Cross Cultural Internship Programme students formed new friendships and kept Dragon Boat tradition alive in New York

By Phoebe Guan Mingyue, Hong Kong University

Celebrating its 28th anniversary, the Hong Kong Dragon Boat Festival in New York brings together more than 120 racing teams from the US to experience Chinese culture

By Phoebe Guan Mingyue, Hong Kong University |

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The Hong Kong Dragon Boat Festival in New York, an annual sporting and multicultural event held every August on Meadow Lake in Flushing, is one of the largest dragon boat festivals in America. The festival hosts more than 120 dragon boat teams and provides visitors with a taste of traditional Chinese performances and food.

On Saturday, August 11, the festival celebrated its 28th anniversary with an opening day parade, followed by the US Dragon Boat Open Championship Race on Sunday.

More than 20 exchange interns from the Cross Cultural Internship Programme (CCIP) took part in the races and festivities, and their team t-shirts showed off the slogan, “We're all in the same boat” to highlight the programme's themes of cultural diversity and cooperation. CCIP interns are spending their summer abroad working for a range of different companies.

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All CCIP exchange visitors study at top universities in Hong Kong, Singapore, and Macau, and all attended an exchange visitor internship programme in New York with different host organisations that hosted cultural activities like the Hong Kong Dragon Boat Festival to bring exchange visitors and New Yorkers together for an opportunity to experience US culture at a grass-roots level.

The paddlers showed their team spirit and determination in tight competition.
Photo: CCIP

The festival kicked off on Saturday with a race team parade and lion dance, before wrapping up with a dragon ritual. 

On the water, the interns competed in four of the dragon boat races, including Saturday's Heritage Open 200m, Sunday Educational 200m, Sponsor Challenge 200m, and Media 200m. The competitors raced through the water as cheers erupted from the crowd of peers and new friends.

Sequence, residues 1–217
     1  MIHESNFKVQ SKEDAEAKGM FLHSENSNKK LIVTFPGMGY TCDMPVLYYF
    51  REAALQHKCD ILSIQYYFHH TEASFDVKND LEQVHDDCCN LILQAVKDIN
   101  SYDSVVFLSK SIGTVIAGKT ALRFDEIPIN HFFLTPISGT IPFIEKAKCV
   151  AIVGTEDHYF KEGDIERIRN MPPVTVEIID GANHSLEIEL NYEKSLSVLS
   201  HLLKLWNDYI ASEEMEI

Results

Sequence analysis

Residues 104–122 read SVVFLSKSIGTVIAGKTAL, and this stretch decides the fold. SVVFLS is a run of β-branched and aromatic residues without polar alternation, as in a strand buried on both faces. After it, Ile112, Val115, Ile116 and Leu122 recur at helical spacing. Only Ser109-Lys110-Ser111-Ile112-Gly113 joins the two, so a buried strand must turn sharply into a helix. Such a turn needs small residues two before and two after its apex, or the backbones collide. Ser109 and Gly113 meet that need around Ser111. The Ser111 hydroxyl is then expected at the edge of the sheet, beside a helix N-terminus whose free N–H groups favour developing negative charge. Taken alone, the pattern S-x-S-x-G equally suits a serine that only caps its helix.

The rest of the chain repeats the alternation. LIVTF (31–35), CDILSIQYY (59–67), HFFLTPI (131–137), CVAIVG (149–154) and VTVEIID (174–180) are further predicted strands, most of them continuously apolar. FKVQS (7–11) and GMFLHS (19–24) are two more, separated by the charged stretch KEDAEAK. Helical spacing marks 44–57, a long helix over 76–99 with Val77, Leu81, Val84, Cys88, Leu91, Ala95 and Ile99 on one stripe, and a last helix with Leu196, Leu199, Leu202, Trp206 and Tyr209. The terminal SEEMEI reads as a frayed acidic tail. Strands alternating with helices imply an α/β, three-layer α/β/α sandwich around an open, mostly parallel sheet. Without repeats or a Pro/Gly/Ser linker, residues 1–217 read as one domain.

“When my co-coordinators and I were planning this event, we hoped it would bring us together as a community despite our cultural differences. I'm glad that after we shared thoughts with the rest of the students, many of them couldn’t wait to participate," said one of the CCIP team captain and student leader Parthiban R., a graduate student from Nanyang Technological University. "I think the race showcased our unity and ability to work towards a greater goal!”

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The team was strong despite their lack of experience.

“We had to come together quickly as a team to learn how to work as though we had trained together for years,” said Parthiban who is an intern at Antonio Peguero Jr, a law firm in New York City.

Back on dry land, other CCIP students volunteered to work the festival booths where different cultural activities were available. They met programme visitors, chatted with spectators, set up photo booths, and supported a Flushing YMCA initiative and fundraiser to promote health awareness.  

The traditional family business of crafting a Tuen Ng festival dragon boat

Phoebe Guan, a Hong Kong University student on the Internship programme who's working at First American International Bank, participated as a group leader and helped manage the racing teams and festival booths. “I am so glad to be part of such a huge multicultural event with so many people,” she said. “It was a rewarding feeling to work the booth and see every visitor leave with a big smile.”

“The boat race is not so much about winning,” said CCIP founder Elizabeth Kay.
Photo: CCIP

“This (Festival) did more than just bond us as a group - it allowed us to spread goodwill and gratitude to the larger community,” added Aithent intern Jackson Lai, another group leader and booth manager from Hong Kong.

At the festival’s end on Sunday, the students had dinner together to celebrate the weekend’s collective hard work and efforts. “The boat race is not so much about winning,” said CCIP founder Elizabeth Kay. “(What's important is that) students have tried their best, built friendships, and worked together to accomplish great things.”

The students couldn't agree more.

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“Our teamwork achieved great results,” said co-captain Macy Chan from the Hong Kong University of Science and Technology. Macy interns at NYC Assemblywoman Nily Rozic’s district office in Queens.

Harry Lam, another co-captain from the University of Hong Kong who's interning at New Jersey engineering firm Yu & Associates, added that “dragon boat racing is tougher than it looks! We were all new to it, but its being so hard only made the whole Festival more memorable. We started with zero experience and successfully completed the races.”

“Being a co-captain on the squad really tested my leadership skills," University of Macau student Brian Song, who interns at GC Eng, an engineering firm in Manhattan, chipped in. "Not only did I have to master the boat and make instructions clear to the team, but I had to work closely with the other captains. It was a challenge, but such a great experience.”

Edited by Nicole Moraleda